Regular readers know that Alzheimer’s Disease and dementia are two of my major considerations in aging. To clarify: Dementia is not a disease but a group of different diseases characterized by the gradual worsening of cognitive abilities. Dementia is seen across all ethnic groups and increasingly so with advancing age. Among 65–69-year-olds, about 2 percent are afflicted, with this figure doubling for every five years of age. Alzheimer’s accounts for 60 to 80 percent of cases.
I had a aunt who died of Alzheimer’s and my mother suffered from dementia in her later years. I have posted previously, How To Reduce Your Chances of Alzheimer’s and How to Reduce Your Risks of Alzheimer’s and Dementia.
So, I was especially interested in this latest broadside from the National Institutes of Health – Preventing Alzheimer’s Disease – What Do We Know?
Chapter heads in the publication include the Risk Factors for Alzheimer’s; the Search for Alzheimer’s Prevention Strategies; Other Clues to Alzheimer’s Prevention, the Path to Developing New Treatments and a final chapter – So What Can You Do?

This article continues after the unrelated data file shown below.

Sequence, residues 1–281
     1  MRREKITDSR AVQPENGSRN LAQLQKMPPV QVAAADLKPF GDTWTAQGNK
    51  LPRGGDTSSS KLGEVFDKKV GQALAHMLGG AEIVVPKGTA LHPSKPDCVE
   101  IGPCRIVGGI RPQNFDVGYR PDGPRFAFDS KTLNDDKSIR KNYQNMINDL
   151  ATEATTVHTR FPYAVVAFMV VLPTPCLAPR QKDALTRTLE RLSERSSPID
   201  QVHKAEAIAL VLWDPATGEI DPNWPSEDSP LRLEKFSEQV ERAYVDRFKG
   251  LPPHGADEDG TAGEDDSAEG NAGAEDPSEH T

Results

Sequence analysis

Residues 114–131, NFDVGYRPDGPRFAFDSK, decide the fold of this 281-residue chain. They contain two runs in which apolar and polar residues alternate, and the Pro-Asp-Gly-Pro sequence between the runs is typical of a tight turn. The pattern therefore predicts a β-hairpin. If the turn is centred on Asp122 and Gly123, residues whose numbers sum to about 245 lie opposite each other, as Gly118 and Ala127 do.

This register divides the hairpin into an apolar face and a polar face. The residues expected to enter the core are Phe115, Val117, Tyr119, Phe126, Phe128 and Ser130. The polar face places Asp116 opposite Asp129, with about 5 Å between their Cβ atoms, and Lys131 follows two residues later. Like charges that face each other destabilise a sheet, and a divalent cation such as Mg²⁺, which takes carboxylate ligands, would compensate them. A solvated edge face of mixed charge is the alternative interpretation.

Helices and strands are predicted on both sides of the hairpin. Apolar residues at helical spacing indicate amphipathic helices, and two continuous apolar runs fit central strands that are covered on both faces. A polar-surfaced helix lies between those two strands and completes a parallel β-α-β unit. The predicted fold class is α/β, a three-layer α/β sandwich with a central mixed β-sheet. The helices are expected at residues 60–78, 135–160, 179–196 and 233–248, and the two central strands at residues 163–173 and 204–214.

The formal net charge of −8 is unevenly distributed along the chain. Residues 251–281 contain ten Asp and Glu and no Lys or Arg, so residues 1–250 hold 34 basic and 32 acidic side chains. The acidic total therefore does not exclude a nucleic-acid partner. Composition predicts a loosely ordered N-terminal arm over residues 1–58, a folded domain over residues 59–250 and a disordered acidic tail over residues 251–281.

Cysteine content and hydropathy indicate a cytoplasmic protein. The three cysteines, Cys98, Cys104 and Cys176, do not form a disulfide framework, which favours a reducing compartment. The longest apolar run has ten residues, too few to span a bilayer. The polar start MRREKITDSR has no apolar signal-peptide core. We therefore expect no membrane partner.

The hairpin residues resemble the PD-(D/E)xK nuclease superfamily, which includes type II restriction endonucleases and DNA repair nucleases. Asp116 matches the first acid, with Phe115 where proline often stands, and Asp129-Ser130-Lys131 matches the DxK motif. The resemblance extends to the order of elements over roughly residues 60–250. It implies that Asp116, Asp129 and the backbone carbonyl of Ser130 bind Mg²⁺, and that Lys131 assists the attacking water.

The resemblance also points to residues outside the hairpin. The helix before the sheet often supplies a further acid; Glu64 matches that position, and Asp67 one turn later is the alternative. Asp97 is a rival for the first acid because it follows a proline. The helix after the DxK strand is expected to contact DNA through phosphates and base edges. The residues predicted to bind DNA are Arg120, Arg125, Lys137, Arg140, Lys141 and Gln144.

“You can do many things that may keep your brain healthy and your body fit—and help scientists find ways to prevent Alzheimer’s.
“Many actions lower the risk of chronic diseases and boost overall health and well-being. As we learn more about the role they may play in Alzheimer’s disease risk, health experts encourage all adults to:
● exercise regularly
● eat a healthy diet rich in fruits and vegetables
● engage in social and intellectually stimulating activities
● control type 2 diabetes
● lower high blood pressure levels
● lower high blood cholesterol levels
● maintain a healthy weight
● stop smoking
● get treatment for depression
“Scientists do not yet know if these healthy habits can directly prevent or delay Alzheimer’s disease or age-related cognitive decline. As research continues, it’s important to note the many benefits these habits have for overall health and well-being.”
Finally, it suggests, “Whether or not you have signs of Alzheimer’s, you can take one more important action—volunteer to participate in clinical trials and studies. Volunteers want to make a valuable contribution that will help scientists, people with Alzheimer’s, and their families. People who participate in this kind of research also have regular contact with medical experts who have lots of experience and a broad perspective on the disease.
“To learn more about clinical trials or to find study sites near you, contact the National Institute on Aging (NIA’s) Alzheimer’s Disease Education and Referral (ADEAR) Center at 1-800-438-4380 or visit NIA. ”
And, last but not least, I want to recommend that you check out my Page – Important Facts About Your Brain (and Exercise Benefits).